- She added: “MPs have already been contacted by their local police forces, so that’s 600 plus MPs, around: ‘What are they doing?’… Sharing information with the police so the police know where they are. Checking their actual physical security.”
- On the relationship between MPs and their constituents changing: “We, for example, do much more booking appointments in advance, surgery appointments. So there are practical things, but I come back to your fundamental premise: this should never, ever break that link between an elected representative and their democratic role, responsibility and duty to the people that have elected them to be their representative.”
- On removing the right to anonymity on social media: “I want us to look at everything… I’ve done a lot of work on these social media platforms. Mainly around encryption and areas of that nature. But we can’t carry on like this.”
The Andrew Marr Show
Lisa Nandy shared her reflections on David Amess, said she does not feel safe as an MP and set out what Labour would do to address online abuse.
- Reflecting on David Amess and his death: “I first met David when I was first elected to parliament, he was one of the first MPs I met. It was through some work on an APPG on children in care… He was so involved in so many things that were all about trying to improve the lives of who often didn’t have a voice, and he was willing to work with whoever it took in the political system to change that.”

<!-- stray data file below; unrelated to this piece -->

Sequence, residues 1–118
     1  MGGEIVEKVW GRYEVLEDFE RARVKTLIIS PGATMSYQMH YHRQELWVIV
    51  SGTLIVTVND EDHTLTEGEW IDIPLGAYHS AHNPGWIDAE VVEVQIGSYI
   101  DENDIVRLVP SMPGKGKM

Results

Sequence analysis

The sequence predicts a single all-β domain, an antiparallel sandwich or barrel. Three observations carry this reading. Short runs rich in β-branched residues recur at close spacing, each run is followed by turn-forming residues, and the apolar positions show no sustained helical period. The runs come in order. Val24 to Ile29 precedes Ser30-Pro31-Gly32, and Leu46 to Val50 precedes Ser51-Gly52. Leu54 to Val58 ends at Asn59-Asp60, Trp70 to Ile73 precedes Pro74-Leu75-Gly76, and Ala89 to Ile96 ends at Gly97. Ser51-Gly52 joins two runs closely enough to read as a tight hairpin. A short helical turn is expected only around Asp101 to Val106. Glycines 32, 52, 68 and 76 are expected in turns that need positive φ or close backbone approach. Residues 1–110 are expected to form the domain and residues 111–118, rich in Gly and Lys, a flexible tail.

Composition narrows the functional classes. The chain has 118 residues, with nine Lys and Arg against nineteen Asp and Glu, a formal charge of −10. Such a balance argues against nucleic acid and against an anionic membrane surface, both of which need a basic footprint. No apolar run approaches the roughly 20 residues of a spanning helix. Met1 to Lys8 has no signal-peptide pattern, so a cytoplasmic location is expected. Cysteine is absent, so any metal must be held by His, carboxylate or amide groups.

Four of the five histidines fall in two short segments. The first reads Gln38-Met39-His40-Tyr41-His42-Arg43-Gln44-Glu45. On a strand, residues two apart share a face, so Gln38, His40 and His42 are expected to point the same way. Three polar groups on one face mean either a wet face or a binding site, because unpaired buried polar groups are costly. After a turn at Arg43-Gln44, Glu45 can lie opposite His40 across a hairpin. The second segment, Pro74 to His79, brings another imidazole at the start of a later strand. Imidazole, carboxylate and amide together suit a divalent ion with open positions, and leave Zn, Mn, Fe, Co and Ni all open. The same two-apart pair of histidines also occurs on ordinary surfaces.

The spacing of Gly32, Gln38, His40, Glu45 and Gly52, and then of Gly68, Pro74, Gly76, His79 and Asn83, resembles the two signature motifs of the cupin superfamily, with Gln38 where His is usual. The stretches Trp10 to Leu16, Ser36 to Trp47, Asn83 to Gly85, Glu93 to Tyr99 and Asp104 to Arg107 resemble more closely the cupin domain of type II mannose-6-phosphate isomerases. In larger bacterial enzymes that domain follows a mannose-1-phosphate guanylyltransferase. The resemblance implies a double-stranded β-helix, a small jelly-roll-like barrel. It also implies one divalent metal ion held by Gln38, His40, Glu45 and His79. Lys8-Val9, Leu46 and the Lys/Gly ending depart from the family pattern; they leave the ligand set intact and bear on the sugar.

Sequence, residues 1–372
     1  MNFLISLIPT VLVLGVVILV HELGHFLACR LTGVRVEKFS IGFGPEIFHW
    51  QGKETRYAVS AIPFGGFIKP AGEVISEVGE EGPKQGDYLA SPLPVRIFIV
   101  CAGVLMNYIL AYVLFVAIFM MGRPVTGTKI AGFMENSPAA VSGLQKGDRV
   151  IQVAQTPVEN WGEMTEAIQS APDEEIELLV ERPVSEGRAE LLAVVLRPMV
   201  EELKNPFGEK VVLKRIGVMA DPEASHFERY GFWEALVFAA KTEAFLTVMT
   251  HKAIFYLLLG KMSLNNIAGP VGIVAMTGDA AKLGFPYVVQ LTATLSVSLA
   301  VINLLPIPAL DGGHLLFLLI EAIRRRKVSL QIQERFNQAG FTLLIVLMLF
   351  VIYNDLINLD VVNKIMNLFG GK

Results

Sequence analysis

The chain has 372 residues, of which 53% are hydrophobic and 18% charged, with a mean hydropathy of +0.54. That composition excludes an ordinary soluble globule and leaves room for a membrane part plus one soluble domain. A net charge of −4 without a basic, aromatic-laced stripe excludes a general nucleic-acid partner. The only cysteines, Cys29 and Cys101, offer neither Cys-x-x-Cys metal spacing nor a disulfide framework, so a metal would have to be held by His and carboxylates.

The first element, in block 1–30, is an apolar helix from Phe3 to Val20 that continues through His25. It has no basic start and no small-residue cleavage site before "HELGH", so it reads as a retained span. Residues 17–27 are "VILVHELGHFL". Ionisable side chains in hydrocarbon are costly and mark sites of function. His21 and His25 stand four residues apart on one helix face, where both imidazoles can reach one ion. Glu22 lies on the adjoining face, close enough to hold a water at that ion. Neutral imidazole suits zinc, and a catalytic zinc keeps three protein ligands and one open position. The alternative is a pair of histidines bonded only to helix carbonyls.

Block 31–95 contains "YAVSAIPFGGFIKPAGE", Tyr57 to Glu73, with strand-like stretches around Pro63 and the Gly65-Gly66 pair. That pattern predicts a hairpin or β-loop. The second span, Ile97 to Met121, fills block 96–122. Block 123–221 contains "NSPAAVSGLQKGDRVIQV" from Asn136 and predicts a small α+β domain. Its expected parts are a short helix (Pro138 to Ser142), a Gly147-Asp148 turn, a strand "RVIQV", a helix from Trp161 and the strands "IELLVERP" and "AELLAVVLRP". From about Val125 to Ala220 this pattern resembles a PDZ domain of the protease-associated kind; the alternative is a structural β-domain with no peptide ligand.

- “Although this is heartbreaking and it does make you very anxious, none of us are going to stop doing our jobs as a consequence.”
- Asked whether she feels safe as an MP: “No, not really if I’m honest. I feel quite fortunate to have a lot of constituents who are concerned about my safety, it’s that sort of place, people look after each other.”
- “The response from the police in many cases has been very good, but I think the response generally has not been. It’s been far too patchy.”
- On online abuse: “No action has ever been taken about people who have threatened to harm me online, despite the fact there has been reams of it over the last decade. I think that has got to change.”
- On responding to it: “We’re a bit cautious about simply ending anonymity on social media. I work with a lot of people… for whom anonymity on social media can be life-saving. So the trick is to get the right balance.”
- She reiterated Labour’s support for the policy of introducing criminal penalties for senior tech executives who repeatedly breach a new legal duty of care.
- On bringing back Covid measures: “We’ll obviously look at that… As always, what we’d like to see is proper action on the things that we know are already a problem.” She cited building ventilation, especially in schools.
Priti Patel paid tribute to the “infectious personality and energy” of Amess. Asked what should change about how MPs conduct constituency surgeries, she suggested “moving from publicising appointments to pre-booking appointments, making sure that appointments are checked thoroughly, that the backgrounds on individuals are checked”, adding: “If I may say, a lot of those measures are already in place right now.”
On whether MPs should be offered police protection at surgeries, she replied: “There are protective measures available to MPs.” She highlighted the “panoply” of safety measures available beyond bodyguards for MPs.